For the show, Mayer said, Morgan horses will be coming from “every single corner of Vermont.” It will include two horses from the Morgan Horse Farm in Weybridge: UVM Perlee will demonstrate pleasure driving, while UVM Quirrol will demonstrate pleasure saddle.
Several of the horses in the show are nationally recognized, including one who performed at the World Equestrian Games in Kentucky last year.
The event, which Mayer hopes will become an annual mainstay at Field Days, is ultimately a chance for county residents to watch and admire the magnificent breed in action.
“They are the Vermont state animal,” said Mayer. “We’re just showing them off.”
MORE NEW FAIR EVENTS
There are plenty of other new additions to the fair this year that Field Days organizers are confident fairgoers will enjoy.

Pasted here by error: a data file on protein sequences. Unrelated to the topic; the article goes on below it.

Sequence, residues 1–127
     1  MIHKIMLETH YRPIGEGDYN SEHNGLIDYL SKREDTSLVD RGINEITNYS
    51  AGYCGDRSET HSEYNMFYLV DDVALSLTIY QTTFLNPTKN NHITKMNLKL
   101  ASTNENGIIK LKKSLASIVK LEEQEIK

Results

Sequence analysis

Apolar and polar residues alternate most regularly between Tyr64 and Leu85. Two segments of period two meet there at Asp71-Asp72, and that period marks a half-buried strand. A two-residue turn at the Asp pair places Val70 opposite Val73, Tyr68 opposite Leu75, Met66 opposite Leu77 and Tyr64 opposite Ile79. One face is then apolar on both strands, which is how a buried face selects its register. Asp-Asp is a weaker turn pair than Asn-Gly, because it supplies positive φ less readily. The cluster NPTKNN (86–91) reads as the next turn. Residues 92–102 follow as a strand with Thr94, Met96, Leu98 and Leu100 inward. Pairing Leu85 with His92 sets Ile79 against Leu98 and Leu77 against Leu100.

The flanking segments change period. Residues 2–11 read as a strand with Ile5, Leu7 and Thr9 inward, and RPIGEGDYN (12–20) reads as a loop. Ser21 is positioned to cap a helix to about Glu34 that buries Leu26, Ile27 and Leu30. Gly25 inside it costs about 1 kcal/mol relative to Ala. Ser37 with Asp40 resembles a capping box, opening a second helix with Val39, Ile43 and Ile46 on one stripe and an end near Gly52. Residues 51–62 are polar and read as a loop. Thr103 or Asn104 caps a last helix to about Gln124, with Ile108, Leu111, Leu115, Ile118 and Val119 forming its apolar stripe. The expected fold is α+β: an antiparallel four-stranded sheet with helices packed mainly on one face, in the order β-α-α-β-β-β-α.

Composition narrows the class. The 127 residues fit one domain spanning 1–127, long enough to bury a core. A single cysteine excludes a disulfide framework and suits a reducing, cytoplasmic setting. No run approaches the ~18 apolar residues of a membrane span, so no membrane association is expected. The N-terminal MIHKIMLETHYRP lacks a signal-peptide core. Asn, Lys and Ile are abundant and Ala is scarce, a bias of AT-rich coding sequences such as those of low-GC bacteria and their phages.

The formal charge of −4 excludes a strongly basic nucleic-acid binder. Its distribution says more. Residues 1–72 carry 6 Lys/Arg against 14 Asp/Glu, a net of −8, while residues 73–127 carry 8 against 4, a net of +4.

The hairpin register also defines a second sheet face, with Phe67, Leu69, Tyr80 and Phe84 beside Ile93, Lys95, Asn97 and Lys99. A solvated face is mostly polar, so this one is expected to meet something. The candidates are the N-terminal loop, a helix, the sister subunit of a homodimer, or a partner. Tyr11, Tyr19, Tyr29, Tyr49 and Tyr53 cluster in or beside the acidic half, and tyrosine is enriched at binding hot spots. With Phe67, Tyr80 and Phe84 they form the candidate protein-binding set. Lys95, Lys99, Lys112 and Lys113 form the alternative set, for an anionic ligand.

“There’s just so much … to get excited about,” said Field Days Board President James Foster Jr.
On Tuesday night, motocross riders who have performed 15-minute shows in past years will put on a full-fledged 90-minute CNC Freestyle Motocross Show following the always-popular tractor pull.
Thursday’s tug-of-war is not a new event, but will be moving in a new direction, according to Field Days Business Manager Cara Mullin. It will take place in the show tent, and feature two separate youth divisions. Teams of seven will compete for prizes that include trophies, ride tickets and passes to ECHO Lake Aquarium and Science Center in Burlington or the Shelburne Museum in Shelburne.
For younger children, Saturday’s cupcake party might be the highlight of the week. At 11 a.m., 1 p.m. and 3 p.m., kids will be invited to the Connor Home stage in the Paquette Building to make cupcakes, make arts and crafts and participate in skits.